By burning fossil fuels, humans have changed the carbon cycle, loading the atmosphere with extra carbon dioxide (CO2). Before the current Ice Age, high atmospheric CO2 levels generated warm climates. The Ice Age developed as the volcanic supply of CO2 lessened, and rock weathering increased. The CO2 lost from the atmosphere by chemical weathering was transferred to the ocean and trapped in carbonate sediments. Humans now replicate what volcanic activity did in the distant past, our CO2 emissions driving global warming. Earth's present climate should be cool, based on the present configuration of the Earth's orbit and the tilt of its axis, and on the decline in sunspot activity since 1990. Warming will grow further with rising emissions, further raising sea level. If business continues as usual we will end with an Eocene-like ‘greenhouse climate’ and drowned coastal cities.
Global events such as mass extinctions, the onset of Ice Ages, and changes in geochemistry linked with changes in atmospheric chemistry are timeposts in geological strata. In the timeline for Earth history, they allow segmentation of its 4.6 billion year existence into eons, eras, periods, and epochs. As human activity makes its recently initiated yet globally extensive mark that is leading to mass extinctions, changes in atmospheric and marine chemistry, and altering terrestrial features, should a new epoch be declared? Can such an Anthropocene be geologically standardized in strata? Zalasiewicz et al make their case in this article featured in ES&T’s April 1, 2010 print issue recognizing the 40th Anniversary of Earth Day.
We evaluate the boundary of the Anthropocene geological time interval as an epoch, since it is useful to have a consistent temporal definition for this increasingly used unit, whether the presently informal term is eventually formalized or not. Of the three main levels suggested – an ‘early Anthropocene’ level some thousands of years ago; the beginning of the Industrial Revolution at ∼1800 CE (Common Era); and the ‘Great Acceleration’ of the mid-twentieth century – current evidence suggests that the last of these has the most pronounced and globally synchronous signal. A boundary at this time need not have a Global Boundary Stratotype Section and Point (GSSP or ‘golden spike’) but can be defined by a Global Standard Stratigraphic Age (GSSA), i.e. a point in time of the human calendar. We propose an appropriate boundary level here to be the time of the world's first nuclear bomb explosion, on July 16th 1945 at Alamogordo, New Mexico; additional bombs were detonated at the average rate of one every 9.6 days until 1988 with attendant worldwide fallout easily identifiable in the chemostratigraphic record. Hence, Anthropocene deposits would be those that may include the globally distributed primary artificial radionuclide signal, while also being recognized using a wide range of other stratigraphic criteria. This suggestion for the Holocene–Anthropocene boundary may ultimately be superseded, as the Anthropocene is only in its early phases, but it should remain practical and effective for use by at least the current generation of scientists.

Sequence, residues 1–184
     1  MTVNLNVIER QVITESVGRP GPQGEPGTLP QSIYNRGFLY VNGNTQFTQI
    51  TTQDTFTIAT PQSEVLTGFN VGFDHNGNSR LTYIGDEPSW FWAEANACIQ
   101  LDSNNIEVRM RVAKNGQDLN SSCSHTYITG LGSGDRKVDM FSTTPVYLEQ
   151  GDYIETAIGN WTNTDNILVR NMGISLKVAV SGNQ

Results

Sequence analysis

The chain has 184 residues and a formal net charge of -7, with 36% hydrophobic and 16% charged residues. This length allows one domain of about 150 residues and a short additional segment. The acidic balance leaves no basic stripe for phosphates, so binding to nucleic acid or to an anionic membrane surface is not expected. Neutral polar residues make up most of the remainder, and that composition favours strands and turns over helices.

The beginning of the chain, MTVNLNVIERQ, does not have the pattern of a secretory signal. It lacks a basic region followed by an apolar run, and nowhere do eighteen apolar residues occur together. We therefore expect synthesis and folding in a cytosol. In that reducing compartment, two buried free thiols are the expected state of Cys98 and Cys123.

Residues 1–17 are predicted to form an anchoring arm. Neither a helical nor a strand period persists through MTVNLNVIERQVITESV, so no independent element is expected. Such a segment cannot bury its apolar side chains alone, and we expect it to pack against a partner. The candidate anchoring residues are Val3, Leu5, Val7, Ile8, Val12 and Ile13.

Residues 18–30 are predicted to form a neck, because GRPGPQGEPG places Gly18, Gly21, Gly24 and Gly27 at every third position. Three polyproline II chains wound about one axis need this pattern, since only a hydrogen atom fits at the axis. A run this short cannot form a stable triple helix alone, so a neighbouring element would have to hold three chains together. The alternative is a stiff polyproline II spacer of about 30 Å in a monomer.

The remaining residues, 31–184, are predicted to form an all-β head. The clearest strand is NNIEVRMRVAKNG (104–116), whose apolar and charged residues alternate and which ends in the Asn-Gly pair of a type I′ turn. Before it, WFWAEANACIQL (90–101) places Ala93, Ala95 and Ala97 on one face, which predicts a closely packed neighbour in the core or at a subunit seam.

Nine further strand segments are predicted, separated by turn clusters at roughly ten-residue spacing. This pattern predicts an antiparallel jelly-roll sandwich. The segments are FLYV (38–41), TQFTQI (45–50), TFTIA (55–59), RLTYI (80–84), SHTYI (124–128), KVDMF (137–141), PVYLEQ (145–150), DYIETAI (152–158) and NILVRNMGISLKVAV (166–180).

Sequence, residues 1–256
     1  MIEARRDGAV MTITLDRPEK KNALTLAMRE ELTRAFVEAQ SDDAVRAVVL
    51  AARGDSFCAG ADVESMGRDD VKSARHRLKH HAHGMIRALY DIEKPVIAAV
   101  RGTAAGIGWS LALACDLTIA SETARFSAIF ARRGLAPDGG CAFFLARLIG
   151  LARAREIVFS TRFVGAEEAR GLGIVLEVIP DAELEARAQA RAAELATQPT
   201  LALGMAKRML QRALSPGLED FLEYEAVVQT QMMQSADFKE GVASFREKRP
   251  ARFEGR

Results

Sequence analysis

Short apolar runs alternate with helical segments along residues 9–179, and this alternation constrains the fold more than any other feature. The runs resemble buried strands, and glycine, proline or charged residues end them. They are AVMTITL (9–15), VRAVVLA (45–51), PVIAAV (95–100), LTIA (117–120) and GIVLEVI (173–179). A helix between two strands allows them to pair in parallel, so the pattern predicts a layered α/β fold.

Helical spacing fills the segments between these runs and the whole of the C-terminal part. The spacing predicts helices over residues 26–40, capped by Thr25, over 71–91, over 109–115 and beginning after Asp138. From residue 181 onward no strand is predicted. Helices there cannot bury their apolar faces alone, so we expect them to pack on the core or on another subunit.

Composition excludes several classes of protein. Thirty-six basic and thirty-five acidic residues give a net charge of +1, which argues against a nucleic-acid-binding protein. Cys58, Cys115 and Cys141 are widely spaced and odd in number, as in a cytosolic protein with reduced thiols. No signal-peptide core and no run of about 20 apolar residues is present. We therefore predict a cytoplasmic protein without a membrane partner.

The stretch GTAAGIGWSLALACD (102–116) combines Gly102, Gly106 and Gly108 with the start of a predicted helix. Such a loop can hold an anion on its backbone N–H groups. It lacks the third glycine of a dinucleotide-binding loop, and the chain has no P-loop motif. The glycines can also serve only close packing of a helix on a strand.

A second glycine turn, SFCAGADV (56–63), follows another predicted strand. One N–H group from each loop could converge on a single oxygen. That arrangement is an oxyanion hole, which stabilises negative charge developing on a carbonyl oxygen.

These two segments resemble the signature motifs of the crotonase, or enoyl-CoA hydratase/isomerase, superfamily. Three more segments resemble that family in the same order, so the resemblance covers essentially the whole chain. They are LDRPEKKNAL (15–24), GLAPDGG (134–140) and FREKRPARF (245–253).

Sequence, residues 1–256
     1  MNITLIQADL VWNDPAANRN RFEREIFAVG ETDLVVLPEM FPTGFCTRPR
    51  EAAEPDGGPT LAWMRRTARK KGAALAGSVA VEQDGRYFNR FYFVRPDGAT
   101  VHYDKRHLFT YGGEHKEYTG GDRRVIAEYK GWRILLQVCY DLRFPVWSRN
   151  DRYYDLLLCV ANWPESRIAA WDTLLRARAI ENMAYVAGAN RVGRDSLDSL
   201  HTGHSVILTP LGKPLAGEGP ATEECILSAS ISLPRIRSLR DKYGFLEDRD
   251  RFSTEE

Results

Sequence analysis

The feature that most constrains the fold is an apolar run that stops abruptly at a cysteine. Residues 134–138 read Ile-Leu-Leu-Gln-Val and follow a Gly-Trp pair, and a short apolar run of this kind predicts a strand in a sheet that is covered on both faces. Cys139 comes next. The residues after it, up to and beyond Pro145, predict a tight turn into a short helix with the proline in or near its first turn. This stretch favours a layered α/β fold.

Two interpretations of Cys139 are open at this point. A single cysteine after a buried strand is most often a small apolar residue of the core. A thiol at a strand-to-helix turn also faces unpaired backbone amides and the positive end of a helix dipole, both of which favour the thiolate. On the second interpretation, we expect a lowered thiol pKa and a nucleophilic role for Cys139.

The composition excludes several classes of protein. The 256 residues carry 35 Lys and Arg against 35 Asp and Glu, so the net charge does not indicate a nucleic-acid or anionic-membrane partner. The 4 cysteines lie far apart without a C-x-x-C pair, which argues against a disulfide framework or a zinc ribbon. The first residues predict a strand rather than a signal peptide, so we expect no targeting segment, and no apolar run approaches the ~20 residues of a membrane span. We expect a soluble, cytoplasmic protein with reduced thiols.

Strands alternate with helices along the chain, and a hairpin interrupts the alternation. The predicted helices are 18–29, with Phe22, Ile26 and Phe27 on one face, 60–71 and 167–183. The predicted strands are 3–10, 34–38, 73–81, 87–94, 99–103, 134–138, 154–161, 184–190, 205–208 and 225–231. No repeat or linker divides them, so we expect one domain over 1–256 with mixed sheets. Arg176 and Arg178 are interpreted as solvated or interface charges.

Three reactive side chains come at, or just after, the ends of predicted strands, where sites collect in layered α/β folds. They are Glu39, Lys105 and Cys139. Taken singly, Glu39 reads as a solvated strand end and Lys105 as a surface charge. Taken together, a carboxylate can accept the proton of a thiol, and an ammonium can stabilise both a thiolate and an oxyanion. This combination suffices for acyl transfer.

Since 2009, the Working Group on the ‘Anthropocene’ (or, commonly, AWG for Anthropocene Working Group), has been critically analysing the case for formalization of this proposed but still informal geological time unit. The study to date has mainly involved establishing the overall nature of the Anthropocene as a potential chronostratigraphic/geochronologic unit, and exploring the stratigraphic proxies, including several that are novel in geology, that might be applied to its characterization and definition. A preliminary summary of evidence and interim recommendations was presented by the Working Group at the 35th International Geological Congress in Cape Town, South Africa, in August 2016, together with results of voting by members of the AWG indicating the current balance of opinion on major questions surrounding the Anthropocene. The majority opinion within the AWG holds the Anthropocene to be stratigraphically real, and recommends formalization at epoch/series rank based on a mid-20th century boundary. Work is proceeding towards a formal proposal based upon selection of an appropriate Global boundary Stratotype Section and Point (GSSP), as well as auxiliary stratotypes. Among the array of proxies that might be used as a primary marker, anthropogenic radionuclides associated with nuclear arms testing are the most promising; potential secondary markers include plastic, carbon isotope patterns and industrial fly ash. All these proxies have excellent global or near-global correlation potential in a wide variety of sedimentary bodies, both marine and non-marine.